International Healing Foundation Issues Statement On Uganda

Jim Burroway

December 3rd, 2009

Rachel Maddow finally got a statement from Richard Cohen’s International Healing Foundation about Uganda’s proposed death penalty for LGBT people under certain circumstances:

L-R: Unidentified woman, American holocaust revisionist Scott Lively, International Healing Foundation's Caleb Brundidge, Exodus International boardmember Don Schmierer, Family Life Network (Uganda)'s Stephen Langa, at the time of the March 2009 anti-gay conference in Uganda.

L-R: Unidentified woman, American holocaust revisionist Scott Lively, International Healing Foundation's Caleb Brundidge, Exodus International boardmember Don Schmierer, Family Life Network (Uganda)'s Stephen Langa, at the time of the March 2009 anti-gay conference in Uganda.

Caleb Lee Brundidge was one of three American anti-gay activists participating at a conference in Kampala last march which led to the current crisis there for LGBT people. Other American anti-gay activists participating were Holocaust revisionist Scott Lively and Exodus International board member Don Schmierer. Rachel also read portions of a statement from Scott Lively which we already covered last Saturday. Don Schmierer belatedly signed on to the November 16 letter from Exodus condemning the Ugandan legislation. His signature was appended just this past Tuesday.

The portion of IHF’s statement that Rachel Maddow read was brief:

We condemn any harsh and extreme punishment of persons who identify as homosexual or who engage in homosexual behavior. Instead, we advocate education and counseling for those with unwanted Same-Sex Attraction.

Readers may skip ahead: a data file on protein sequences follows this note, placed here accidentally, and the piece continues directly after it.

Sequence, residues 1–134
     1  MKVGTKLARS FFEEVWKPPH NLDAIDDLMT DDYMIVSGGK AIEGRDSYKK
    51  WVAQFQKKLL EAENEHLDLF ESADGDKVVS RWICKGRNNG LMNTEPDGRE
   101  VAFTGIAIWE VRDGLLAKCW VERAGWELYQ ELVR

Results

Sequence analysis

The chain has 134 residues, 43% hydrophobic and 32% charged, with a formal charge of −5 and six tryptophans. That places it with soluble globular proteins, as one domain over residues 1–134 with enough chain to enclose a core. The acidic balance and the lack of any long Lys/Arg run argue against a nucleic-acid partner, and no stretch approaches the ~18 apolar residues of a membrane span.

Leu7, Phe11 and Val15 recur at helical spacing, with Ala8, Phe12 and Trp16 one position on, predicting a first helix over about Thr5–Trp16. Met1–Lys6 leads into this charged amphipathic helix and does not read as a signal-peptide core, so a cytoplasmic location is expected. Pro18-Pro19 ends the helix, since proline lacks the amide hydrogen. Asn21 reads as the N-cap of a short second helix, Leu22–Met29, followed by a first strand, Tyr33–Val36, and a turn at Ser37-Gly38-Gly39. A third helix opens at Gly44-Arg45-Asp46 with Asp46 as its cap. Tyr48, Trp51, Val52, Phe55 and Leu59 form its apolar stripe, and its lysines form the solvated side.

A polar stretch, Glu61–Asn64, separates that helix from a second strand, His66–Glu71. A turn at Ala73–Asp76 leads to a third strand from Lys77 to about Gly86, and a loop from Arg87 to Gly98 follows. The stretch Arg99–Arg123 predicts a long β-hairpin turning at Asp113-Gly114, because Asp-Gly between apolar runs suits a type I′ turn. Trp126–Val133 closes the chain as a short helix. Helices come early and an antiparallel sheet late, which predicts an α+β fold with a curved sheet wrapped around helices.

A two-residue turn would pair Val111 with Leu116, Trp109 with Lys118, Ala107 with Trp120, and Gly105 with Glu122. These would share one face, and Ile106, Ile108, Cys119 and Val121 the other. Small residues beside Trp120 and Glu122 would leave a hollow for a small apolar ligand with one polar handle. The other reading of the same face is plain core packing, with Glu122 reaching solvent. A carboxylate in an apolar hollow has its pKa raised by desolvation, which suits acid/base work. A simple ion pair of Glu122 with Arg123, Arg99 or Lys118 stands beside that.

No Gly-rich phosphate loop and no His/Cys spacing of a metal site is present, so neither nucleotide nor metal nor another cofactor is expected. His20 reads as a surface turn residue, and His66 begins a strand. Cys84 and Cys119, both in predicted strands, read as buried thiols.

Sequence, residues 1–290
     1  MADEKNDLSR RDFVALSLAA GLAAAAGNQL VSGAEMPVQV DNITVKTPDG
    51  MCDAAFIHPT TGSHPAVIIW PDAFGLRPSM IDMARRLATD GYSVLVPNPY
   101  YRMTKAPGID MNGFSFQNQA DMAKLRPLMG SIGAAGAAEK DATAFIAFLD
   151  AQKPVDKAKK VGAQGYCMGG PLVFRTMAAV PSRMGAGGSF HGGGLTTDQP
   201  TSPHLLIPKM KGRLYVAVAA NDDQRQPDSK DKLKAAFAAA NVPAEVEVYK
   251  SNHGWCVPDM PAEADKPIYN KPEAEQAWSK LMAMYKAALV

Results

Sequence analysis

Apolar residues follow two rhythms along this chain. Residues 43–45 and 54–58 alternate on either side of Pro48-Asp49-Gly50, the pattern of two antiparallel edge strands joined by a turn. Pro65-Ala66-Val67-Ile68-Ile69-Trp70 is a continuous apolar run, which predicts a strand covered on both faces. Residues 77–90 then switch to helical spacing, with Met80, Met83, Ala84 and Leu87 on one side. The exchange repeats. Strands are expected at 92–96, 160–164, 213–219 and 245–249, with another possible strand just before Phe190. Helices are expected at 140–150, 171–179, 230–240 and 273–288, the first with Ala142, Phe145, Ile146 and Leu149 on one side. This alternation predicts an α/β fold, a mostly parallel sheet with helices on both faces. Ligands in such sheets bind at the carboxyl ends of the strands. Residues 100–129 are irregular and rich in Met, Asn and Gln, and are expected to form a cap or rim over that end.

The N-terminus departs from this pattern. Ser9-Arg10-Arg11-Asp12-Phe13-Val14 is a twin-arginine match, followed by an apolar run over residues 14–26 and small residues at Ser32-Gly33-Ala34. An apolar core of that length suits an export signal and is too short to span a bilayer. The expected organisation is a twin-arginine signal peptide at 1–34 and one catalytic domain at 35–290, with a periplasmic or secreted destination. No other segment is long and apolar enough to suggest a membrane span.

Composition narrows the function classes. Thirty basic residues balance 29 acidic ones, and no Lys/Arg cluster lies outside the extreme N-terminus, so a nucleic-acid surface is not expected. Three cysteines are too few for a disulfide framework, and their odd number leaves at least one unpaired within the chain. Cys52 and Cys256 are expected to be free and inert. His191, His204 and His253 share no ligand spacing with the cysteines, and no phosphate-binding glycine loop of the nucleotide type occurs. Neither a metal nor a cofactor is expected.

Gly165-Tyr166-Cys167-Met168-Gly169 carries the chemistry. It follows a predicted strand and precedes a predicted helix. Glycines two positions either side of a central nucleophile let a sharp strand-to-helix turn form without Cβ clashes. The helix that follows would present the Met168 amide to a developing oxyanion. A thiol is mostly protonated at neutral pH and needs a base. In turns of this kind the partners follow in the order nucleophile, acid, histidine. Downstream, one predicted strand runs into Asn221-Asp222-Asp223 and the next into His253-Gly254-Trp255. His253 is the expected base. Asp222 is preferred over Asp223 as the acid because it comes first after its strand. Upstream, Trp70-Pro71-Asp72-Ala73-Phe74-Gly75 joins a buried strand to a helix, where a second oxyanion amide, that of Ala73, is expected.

We don’t know whether this is the entire statement or not, as it can be found nowhere on the International Healing Foundation’s web site. You can find plenty of sales clutter, but no statement.

What we do have is a typically vague non-statement. What is “harsh and extreme punishment”? The death penalty? Lifetime imprisonment? Any imprisonment? And what do they advocate for those who don’t have unwanted “Same-Sex Attraction”? (Note the capitalization; it’s Richard Cohen’s terminology, often abbreviated as SSA, to indicate that he believes that homosexuality is a mental illness.) What they do advocate is left unclear.

If the International Healing Foundation is at all familiar, it is chiefly because of Richard Cohen’s unorthodox methods to “cure” homosexuality, which include “touch” or “holding” therapy. On March 23, 2002, Richard Cohen was permanently expelled from the American Counseling Association for multiple ethical violations. He now practices as an unregulated “coach.”

Caleb Lee Brundidge is also associated with Extreme Prophetic in Phoenix, AZ. Extreme Prophetic refused to condemn the proposed Ugandan legislation, saying “As a ministry we do not have an official opinion on political policies.” Grove City College professor Warren Throckmorton notes the inconsistency behind that statement, since Extreme Prophetic’s stated mission is to “take over spheres and adminstrate them for the glory of God.” Among those spheres of influence is the political sphere. Extreme Prophetic’s own theology makes a mockery of their statement.

Brundidge himself has maintained complete silence.

Click here to see BTB\’s complete coverage of recent anti-gay developments in Uganda.

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